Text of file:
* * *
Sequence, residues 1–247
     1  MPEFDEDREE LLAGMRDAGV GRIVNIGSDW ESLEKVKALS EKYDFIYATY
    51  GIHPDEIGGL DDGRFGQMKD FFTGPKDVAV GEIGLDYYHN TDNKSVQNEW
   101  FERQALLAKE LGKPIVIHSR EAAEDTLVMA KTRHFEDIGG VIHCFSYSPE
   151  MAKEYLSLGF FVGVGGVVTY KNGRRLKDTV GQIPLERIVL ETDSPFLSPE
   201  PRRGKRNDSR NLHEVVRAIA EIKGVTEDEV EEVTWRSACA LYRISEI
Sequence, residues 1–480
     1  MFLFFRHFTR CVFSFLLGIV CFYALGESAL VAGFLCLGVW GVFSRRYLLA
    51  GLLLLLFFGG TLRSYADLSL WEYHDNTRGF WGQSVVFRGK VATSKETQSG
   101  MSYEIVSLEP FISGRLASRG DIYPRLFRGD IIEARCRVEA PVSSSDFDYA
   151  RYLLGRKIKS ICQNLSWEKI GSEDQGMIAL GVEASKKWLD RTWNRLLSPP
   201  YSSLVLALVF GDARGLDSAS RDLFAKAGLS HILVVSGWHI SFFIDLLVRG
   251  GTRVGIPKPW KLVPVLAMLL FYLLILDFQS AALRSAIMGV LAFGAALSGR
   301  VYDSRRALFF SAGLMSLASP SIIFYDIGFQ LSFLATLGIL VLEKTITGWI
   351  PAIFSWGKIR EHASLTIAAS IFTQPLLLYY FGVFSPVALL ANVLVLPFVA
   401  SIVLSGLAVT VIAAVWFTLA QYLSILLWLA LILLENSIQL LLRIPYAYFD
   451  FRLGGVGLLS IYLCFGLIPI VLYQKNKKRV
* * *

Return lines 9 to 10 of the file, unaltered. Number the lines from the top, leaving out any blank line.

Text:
    51  GLLLLLFFGG TLRSYADLSL WEYHDNTRGF WGQSVVFRGK VATSKETQSG
   101  MSYEIVSLEP FISGRLASRG DIYPRLFRGD IIEARCRVEA PVSSSDFDYA